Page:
Evaluating Your Portfolio Performance

‘Let your money work for you.’

Now, that’s a phrase we’ve all heard before, right? But the common fallacy in this phrase is that most of us (not excluding the writer of these lines) understand it as ‘let your money work instead of you’. And, when it comes to managing your portfolio, letting it run amok simply won’t do.

In order for your portfolio to perform at its best, you need to stay involved. While it’s understandable that most of us don’t intend to spend a lot of time managing our investments – it’s utterly important to at least periodically pay attention to the way your portfolio performs. This means tracking your asset performance over any chosen time period. As well as determining whether your portfolio’s risk level continues to fit your current risk tolerance.

Where to start?

First – even before you’ve started investing, really – you should be able to set goals for why you want to invest. Whether that’s a short-mid-or-long-term goal – knowing this will help you both in choosing your initial asset classes and investments, as well as help in managing your investments later.

On top of that, pre-determining your risk tolerance is as-if-not-more important. Knowing your risk allowance helps you avoid moving your money in or out of investments that are a little more volatile than you can deal with at the moment.

Now, you’ve done all that and started building your investment portfolio according to your goals and limits.

How often should you check your portfolio?

There’s no correct or incorrect answer to this question, but be advised – if your risk and stress tolerances are low, you will have a bad time if you check your portfolio too often. Stock market volatility can be a lot for anyone, especially if you have a lot of money or even your whole life savings invested in it. You are much more likely to witness more asset worth fluctuations if you check your portfolio often.

Normally, you should check and maybe tune up your portfolio at least once a year if you’re a young investor with long-term goals. Since your age is a factor that makes you much less vulnerable to market volatility, the younger you are – the less attention your portfolio requires.

In turn, older long-term investors and investors with short-term goals would do well to evaluate and adjust their portfolios more often. Checking in once every quarter is fine, but so is doing it monthly or even more frequently. It’s up to individual goals, be they short-or-long-term.

What should I look for?

When evaluating your investment portfolio, first look at how it’s performed so far in comparison to market indexes. That should give you a general idea of whether your assets have the potential to earn both in the short-and-long-term.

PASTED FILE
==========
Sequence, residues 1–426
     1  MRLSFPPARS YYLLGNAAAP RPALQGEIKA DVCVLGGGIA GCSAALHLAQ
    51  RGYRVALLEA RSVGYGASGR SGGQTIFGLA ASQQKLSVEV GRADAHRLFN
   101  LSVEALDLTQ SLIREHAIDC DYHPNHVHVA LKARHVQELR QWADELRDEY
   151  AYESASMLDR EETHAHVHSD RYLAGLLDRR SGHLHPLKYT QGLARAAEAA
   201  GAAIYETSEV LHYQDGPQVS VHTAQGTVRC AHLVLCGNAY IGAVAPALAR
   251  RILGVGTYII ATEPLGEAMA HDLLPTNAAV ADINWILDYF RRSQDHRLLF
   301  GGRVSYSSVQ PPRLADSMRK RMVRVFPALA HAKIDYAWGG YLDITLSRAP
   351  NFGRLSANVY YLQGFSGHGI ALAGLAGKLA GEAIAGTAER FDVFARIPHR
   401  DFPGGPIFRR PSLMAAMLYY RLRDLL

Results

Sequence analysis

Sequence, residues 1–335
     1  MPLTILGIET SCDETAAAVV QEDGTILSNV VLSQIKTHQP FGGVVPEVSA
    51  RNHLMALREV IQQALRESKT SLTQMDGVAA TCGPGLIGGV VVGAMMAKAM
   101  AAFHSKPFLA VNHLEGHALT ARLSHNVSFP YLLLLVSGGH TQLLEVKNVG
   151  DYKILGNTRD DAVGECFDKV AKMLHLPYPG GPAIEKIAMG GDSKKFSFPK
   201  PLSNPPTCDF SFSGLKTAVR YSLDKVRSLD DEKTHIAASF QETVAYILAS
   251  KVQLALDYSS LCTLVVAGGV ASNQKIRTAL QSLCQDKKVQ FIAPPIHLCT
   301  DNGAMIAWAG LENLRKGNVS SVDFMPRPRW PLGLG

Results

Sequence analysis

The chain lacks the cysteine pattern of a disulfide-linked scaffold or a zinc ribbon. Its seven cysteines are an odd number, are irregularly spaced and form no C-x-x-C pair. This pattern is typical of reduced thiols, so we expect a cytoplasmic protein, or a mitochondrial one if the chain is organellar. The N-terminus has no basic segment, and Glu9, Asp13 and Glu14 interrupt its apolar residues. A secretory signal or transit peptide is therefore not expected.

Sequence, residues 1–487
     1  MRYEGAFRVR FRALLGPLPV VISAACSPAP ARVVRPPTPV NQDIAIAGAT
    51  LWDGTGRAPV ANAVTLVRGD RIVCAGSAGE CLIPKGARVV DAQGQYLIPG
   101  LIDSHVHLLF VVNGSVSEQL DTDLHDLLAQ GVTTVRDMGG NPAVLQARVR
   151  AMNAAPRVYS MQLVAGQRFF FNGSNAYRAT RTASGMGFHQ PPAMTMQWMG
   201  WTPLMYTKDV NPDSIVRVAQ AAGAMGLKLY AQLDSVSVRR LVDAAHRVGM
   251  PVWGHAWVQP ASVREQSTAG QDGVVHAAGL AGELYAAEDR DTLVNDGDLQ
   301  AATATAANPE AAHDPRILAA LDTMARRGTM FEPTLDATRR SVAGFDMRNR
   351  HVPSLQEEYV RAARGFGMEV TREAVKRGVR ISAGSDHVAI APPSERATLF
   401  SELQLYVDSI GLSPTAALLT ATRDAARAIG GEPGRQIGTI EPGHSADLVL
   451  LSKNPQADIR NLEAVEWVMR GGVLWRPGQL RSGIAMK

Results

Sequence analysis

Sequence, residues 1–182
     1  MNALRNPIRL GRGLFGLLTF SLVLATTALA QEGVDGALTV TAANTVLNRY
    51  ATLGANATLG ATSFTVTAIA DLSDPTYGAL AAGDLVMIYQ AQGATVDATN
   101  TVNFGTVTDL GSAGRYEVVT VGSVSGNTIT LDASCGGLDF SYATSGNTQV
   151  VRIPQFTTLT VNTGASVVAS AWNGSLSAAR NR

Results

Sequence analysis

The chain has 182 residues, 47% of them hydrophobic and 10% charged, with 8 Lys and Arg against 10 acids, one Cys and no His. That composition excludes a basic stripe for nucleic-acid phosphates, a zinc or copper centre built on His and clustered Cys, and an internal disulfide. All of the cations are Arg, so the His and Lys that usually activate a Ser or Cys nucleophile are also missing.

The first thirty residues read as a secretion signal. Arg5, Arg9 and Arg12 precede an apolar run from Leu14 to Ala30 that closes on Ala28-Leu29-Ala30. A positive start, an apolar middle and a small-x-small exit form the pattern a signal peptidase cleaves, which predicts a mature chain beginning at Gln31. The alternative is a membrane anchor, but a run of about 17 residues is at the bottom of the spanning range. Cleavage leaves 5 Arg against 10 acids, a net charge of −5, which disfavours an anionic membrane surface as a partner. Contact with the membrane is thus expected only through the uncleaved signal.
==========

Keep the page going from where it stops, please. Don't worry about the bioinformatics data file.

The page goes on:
After looking at your portfolio as a whole, you should naturally look at all the parts it’s composed of. First, if your portfolio has multiple asset classes, try and determine whether the portfolio is balanced and diversified well enough to help you on your path. Then, look at each asset class individually – does it perform up to par? What is the cost/return ratio of each of your assets, and are you maximizing the asset (reinvesting bond dividends, for example)? How much does your portfolio cost you in fees, and what can you do to reduce these costs?

Apart from looking at your portfolio, you should also look within yourself, so to say. Goals and expectations do change over time, and so does risk tolerance. These are just some of the factors that vary from one investor to another. Only you know what investment strategy and portfolio you’re comfortable with.

This seems like a lot of work!

Yes, at first all these tasks may seem a bit overwhelming. Yet, once you get going and start to understand what you want to achieve with your portfolio, it becomes much easier.

A simple Google search will help you find a portfolio assessment tool that will help you evaluate your assets and their individual metrics. These tools use algorithms in order to assess your investments and help you enhance your portfolio. The downside is you would have to share your investment data, and it’s very likely that you’d have to give input manually. However, if you want someone to do all this in your stead, you can always turn to a financial advisor. This way you could save a lot of time and energy, albeit at a cost.

If you don’t want to incur any additional costs, you’ll just have to learn how to evaluate on your own. Nevertheless, your effort will pay off down the road. Remember, portfolio evaluation and tune up done now can significantly reduce your workload and stress later. Simply due to the fact that a diversified, well tuned portfolio requires less attention and is far less likely to underperform than a neglected, unkempt investment portfolio.

The bottom line

Ideally, your investment portfolio would require little to no adjustments, but in real life that happens rarely or never. Especially if your investment goals change over time. Therefore, you would do well to keep track of your goals, both now and down the road. And then, adjust your portfolio accordingly, if there are any changes.

Portfolio evaluation can help you in more ways than one. For example, not only will it help keep your investments up to date – evaluating your own portfolio will give you more insight into how investing and portfolio construction works. If you’re just starting as an investor – that’s an experience you simply cannot let pass by.

Ultimately, a diversified portfolio that performs according to your plans is the goal that all investors look to reach. But this goal will require some doing on your part. Spare some time – you’ll be better for it.